The answer has been nothing, except time and some serious head-banging over the formatting. And while the gains are not eye watering (I’m not Amanda Hocking by any means), Spellfall and my other backlist books – the Seven Fabulous Wonders series – are steadily selling few copies each month. I am still not sure if they are being downloaded by their intended younger readership, or by older readers who enjoy children’s books for this teen/YA age group, but obviously someone out there must be enjoying them… I hope! And taking control of my own work in this way made me feel much more of an author than I did when the reversion letters arrived and I was still stuck in query limbo waiting for my new series to be contracted.
I often joke that my books – taking an average of nine months each to create – are my children. So watching books written only a few years ago go out of print and “die”, simply because they would cost too much to keep alive in paper format, is soul destroying… even though, as a mathematician, I understand the figures and know that there are just too many books published each year to keep them all in print endlessly. I have to accept that my book-child is no more special than any other author’s book-child, but I think ebooks are an excellent way of rescuing older titles that are not readily available elsewhere. And while I’d agree that stories (like authors) eventually date and start to feel old fashioned, and no book should be kept on life support when it’s time to let it slip quietly into oblivion, I like to think fantasy stories… and maybe fantasy authors… endure longer than most!
So many thanks to Trace for inviting me to guest on this blog, and I hope that those of you who missed “Spellfall” the first time around might be tempted to try a sample on your Kindle. If you’re an Amazon Prime member, this book is also available to borrow from the Kindle owner’s lending library. And for those who are still uming and ahing about taking the ebook leap… Why not? What have you got to lose?
Click image to purchase from Amazon
Tell us about Tommy Tippet:Enter a world of vignettes and stories about Australian life in the 60's, as seen through the eyes of Tommy Lee Tippett, a boy whose life is filled with innocence, wonderment and hardship. Tommy’s family is dysfunctional, but in the nicest sense. Tommy’s Granddad is never far from his horseracing papers and never slow to retell an outrageous tale. Uncle Jack’s life revolves around riding in buses and regaling strangers with stories about bizarre bus routes. Tommy’s twin sister, Annette is mentally handicapped and it befalls Tommy to look after her. His mother Norma is a severe woman who loves her children but is torn between her love for them and the love of a man. Tommy’s story inhabits the golden sands of Bondi Beach and the exclusive suburbs of Sydney, where Tommy finds himself in a stately mansion as well as the home of the American Consul. The tales of Tommy Tippet will touch you and give insight into a well woven, gorgeous tale that lies against the backdrop of Australian life in the 60's, parenting, family and more.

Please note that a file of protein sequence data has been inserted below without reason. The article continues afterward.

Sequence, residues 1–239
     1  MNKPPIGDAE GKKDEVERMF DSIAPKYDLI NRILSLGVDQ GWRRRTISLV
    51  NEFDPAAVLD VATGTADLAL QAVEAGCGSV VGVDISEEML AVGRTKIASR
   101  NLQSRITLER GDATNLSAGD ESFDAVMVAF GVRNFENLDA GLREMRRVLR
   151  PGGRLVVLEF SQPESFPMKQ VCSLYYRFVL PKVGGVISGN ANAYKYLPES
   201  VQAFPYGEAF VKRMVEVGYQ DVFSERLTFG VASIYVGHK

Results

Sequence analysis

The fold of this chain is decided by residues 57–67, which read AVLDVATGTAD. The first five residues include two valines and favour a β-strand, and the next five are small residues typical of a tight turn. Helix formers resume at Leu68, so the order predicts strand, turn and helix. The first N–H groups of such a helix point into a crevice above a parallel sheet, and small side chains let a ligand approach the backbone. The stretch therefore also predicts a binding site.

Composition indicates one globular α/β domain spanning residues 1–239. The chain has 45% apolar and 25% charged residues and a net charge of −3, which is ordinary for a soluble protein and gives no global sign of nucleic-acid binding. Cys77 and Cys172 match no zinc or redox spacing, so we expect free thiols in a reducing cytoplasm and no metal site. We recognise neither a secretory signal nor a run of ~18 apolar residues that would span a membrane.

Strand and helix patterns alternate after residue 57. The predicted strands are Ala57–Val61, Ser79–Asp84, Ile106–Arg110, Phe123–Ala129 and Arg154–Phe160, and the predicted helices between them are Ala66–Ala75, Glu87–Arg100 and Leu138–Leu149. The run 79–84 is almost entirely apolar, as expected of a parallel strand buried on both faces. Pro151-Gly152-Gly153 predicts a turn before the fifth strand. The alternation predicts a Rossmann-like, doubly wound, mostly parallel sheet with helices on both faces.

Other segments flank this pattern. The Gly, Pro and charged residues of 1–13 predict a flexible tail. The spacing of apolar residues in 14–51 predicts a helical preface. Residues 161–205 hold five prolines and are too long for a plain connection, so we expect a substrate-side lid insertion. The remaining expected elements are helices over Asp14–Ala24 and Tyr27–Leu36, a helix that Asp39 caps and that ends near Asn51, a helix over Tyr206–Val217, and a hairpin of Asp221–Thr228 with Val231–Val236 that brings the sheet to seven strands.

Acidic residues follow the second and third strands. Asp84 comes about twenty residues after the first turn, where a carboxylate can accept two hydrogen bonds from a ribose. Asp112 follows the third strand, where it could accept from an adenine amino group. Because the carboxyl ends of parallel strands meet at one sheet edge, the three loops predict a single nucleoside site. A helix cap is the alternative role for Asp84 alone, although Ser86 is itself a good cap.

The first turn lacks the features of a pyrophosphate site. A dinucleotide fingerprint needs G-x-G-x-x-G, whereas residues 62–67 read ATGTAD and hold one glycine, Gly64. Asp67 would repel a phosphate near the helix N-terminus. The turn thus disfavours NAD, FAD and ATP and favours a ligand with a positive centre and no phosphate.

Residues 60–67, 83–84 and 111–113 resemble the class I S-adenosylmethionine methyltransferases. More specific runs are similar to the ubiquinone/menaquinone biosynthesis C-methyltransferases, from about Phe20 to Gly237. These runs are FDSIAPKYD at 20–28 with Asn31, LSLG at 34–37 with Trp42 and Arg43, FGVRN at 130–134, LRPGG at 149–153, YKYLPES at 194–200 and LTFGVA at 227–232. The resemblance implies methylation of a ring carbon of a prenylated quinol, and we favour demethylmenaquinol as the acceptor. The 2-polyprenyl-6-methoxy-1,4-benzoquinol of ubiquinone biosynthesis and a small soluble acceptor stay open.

Tommy and Granddad
A brief Chat with the Author:[Click above for A.K.'s blog]My book, Tommy Tippett came to be by accident. Several years ago I made the move to Canada to be with my partner and we lived in the beautiful Okanagan Valley in the shadow of the Rocky Mountains. As an Australian citizen I couldn’t work in Canada and boredom was becoming a constant acquaintance. What could I do to pass the time?
My partner suggested that I write a book. A ludicrous suggestion I said. She replied that it wasn’t silly at all as I was always telling stories about all manner of things and wasn’t writing any more than transferring the verbal to the written?
A ridiculous suggestion!
As she knew she would the seed was planted, and with some clever prompting began to sprout.
I started to write. I didn’t have a plan or process I just did it. The words flowed and in two months I had completed the first draft of 87,000 words. By that stage I had enough of writing so the manuscript went into a drawer.
In the meantime we moved back to Australia and life overtook the book. Tommy Tippett was hidden away and forgotten.
After a period of time my partner started to cajole me into releasing Tommy Tippett from his crypt. Finally I took the hint; I breathed life back into Tommy by undertaking an edit, something I found more tiresome than writing the book.
All the while I was undertaking research in how to publish and promote my book. I quickly came to the conclusion that I wouldn’t publish the book traditionally and the way for me to go was to publish Tommy Tippett as an eBook.
If I was going to self-publish I decided to give the book the best chance of success by having a professional cover design and having the book professionally edited.
Hundreds of dollars later Tommy was ready to be uploaded onto Amazon. It was a proud moment as I pushed the button to upload my book.
Tommy now sits on Amazon vying for attention, lost in a wilderness of budding authors. The next step is to get Tommy noticed, read and reviewed. Small steps.